Commercially grown GM crops are still restricted to the two main traits of herbicide tolerance and insect resistance (Bt crops) in four main staple crops: soy, maize, oil seed rape and cotton. Many ‘stacked traits’ are in the pipeline: combining insect resistance with tolerance to multiple herbicides. Downsides for farmers growing these crops include the spread of herbicide-resistant weeds in North and South America. 23,24,25 Poor farmers adopting similar systems would be at risk of being locked into a “poverty trap” where seed price hikes and the need for increasing amounts of chemicals could drive them into bankruptcy. Insect resistant crops are also unsustainable: bollworms resistant to Bt cotton (already a problem in the USA26) were reported last year in India.27 In China, initial economic benefits in terms of savings in insecticide use with Bt crops were lost as secondary pests emerged, requiring additional insecticide use.28

For non-GM farmers key issues are cross-contamination and liability.29 The costs of segregating GM crops fall on conventional and organic farmers, rather than on those choosing to grow or import GM crops, and thus limit choice for non-GM growers by damaging their markets.30,31,32,33,34 There have been many GM contamination incidents around the world.35 For example, in 2009 Canada’s entire $320-million flax seed industry was threatened when it was found to be contaminated with an experimental GM variety called Triffid.36 In the US, the Public Patent Foundation recently filed a lawsuit on behalf of sixty family farmers, seed businesses and organic agricultural organisations concerned that their non-GM seeds and crops could be contaminated through cross-pollination, and that Monsanto would subsequently file suit for patent infringement.37 The prevention of seed saving by patenting and licensing agreements is another major issue for poorer farmers.38

The argument that GM crops are needed to feed the world misrepresents hunger as being essentially an issue of insufficient agricultural production, rather than of poverty and unequal distribution of resources.39 An estimated 40% of US GM maize production now goes into biofuels and perhaps as much as 90% of remaining GM production (i.e. not including cotton and biofuels) to animal feed (although reliable figures are difficult to come by).The diversion of potential food-growing land to produce industrial-scale biofuels and animal feed is part of the problem, not the solution, to global hunger.40 Based on grain consumption figures calculated by the Food and Agriculture Policy Research Institute (FAPRI),41 Monsanto argues that production of grain for animal feed must increase by 50 million tonnes a year by 2017/18 to meet the expected increased demand for meat, and by 60 million tonnes a year to meet biofuels production targets, requiring more investment in intensive agriculture, including GM crops.42 At the same time as claiming GM crops are needed to help feed the world, Monsanto and other companies have been actively lobbying for government subsidies for industrial-scale biofuels.43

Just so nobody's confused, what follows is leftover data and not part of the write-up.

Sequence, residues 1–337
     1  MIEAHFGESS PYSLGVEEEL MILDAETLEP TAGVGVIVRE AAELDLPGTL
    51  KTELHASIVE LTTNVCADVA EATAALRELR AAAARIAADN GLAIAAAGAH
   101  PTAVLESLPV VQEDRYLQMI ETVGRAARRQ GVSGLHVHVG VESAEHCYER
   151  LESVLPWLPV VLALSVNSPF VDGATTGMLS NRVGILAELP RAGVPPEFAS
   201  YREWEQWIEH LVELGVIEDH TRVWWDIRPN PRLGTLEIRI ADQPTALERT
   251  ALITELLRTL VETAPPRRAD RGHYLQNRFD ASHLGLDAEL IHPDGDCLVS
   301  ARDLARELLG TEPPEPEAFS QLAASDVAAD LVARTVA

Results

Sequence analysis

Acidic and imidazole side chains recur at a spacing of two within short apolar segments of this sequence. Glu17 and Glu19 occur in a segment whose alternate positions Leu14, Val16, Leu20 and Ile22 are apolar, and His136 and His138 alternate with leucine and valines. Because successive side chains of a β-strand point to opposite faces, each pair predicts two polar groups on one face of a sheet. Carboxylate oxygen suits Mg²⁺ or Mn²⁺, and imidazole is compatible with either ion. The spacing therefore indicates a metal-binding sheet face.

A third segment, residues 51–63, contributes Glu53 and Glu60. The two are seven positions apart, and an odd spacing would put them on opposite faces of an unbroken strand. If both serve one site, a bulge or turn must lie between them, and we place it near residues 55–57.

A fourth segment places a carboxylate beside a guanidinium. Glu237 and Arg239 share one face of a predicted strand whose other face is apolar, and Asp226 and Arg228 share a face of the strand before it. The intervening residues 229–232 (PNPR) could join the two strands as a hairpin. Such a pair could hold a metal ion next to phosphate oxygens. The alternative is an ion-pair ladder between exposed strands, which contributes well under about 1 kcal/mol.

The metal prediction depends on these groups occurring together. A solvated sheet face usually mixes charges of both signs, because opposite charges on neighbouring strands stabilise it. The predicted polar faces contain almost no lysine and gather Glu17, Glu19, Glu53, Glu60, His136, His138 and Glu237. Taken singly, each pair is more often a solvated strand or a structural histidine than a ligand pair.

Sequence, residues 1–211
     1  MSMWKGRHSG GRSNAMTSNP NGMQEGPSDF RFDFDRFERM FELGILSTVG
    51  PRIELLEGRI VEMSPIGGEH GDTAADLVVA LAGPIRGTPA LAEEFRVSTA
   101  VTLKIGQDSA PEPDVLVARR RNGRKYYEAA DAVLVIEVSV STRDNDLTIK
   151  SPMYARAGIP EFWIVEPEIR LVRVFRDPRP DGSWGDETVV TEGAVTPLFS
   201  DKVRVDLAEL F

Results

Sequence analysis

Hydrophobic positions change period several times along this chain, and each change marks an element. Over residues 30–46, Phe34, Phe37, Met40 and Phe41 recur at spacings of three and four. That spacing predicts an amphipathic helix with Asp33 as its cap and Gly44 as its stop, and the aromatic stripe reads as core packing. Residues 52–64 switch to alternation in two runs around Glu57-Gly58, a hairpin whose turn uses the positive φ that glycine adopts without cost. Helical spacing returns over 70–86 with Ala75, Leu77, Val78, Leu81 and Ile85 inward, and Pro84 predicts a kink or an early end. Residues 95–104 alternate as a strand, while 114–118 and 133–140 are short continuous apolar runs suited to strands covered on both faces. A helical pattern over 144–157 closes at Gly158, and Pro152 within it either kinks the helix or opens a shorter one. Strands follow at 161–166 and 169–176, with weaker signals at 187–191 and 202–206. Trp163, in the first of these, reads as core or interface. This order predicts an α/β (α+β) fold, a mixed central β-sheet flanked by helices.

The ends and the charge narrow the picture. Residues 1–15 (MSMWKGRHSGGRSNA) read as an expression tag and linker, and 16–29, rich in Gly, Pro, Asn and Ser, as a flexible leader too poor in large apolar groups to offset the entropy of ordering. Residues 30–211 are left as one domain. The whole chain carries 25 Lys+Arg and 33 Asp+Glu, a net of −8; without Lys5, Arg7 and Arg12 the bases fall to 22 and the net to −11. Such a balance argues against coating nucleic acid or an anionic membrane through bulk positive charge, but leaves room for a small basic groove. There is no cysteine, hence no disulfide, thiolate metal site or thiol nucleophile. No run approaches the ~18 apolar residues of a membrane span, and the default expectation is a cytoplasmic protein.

Repeated claims about higher yields from existing GM crops are also highly misleading. Overall, studies do not find statistically significant increases in yield for most GM crops, with decreases in yields some studies, in particular for Bt soya.44 Bt maize and cotton have shown yield increases in some situations (when there is a severe pest outbreak) but not others.45 The methodology used in yield studies has been disputed by some researchers, because it fails to capture the dynamic nature of agricultural systems, the degree of ecosystem disruption, and the institutional conditions governing the use of pest control inputs.46 Yields from more recent GM products, including Monsanto’s ‘Round Up Ready 2’ soybeans and its ‘Smartstax’ maize have reportedly been disappointing.47,48,49

Government PR

As part of the push to bring GM crops back into Britain, the former Government sponsored a public dialogue, led by the Food Standards Agency. By the time I resigned from the Steering Group for this process in May 2010, it had become clear that it was intended to present GM as an inevitable part of the solution to feeding a growing population, rather than open up this question for genuine public debate.50 Ipsos Mori was shortlisted to run this dialogue: the polling company declared it had been working with a “multi-national Agro-chemical and seed company” and its advertising agency since 2009 “to develop concepts which link agribusiness with important global issues (such as climate change, water scarcity, deforestation etc) and position the company as a positive force”. Following a second resignation, by the Steering group’s deputy chair, the process was abandoned by the new Coalition Government: its policy is yet to be decided.

In general, consumers remain sceptical about eating GM foods. In treating people as “irrational” and “anti-science”, the advocates of GM crops often ignore the underlying reasons behind much of this unease. The Public Acceptance of Agricultural Biotechnologies in Europe project (PABE)51, conducted using focus groups back in 1998/99 found that people’s views were largely shaped by institutional behaviour, not by public relations exercises. Key questions revealed by the study were: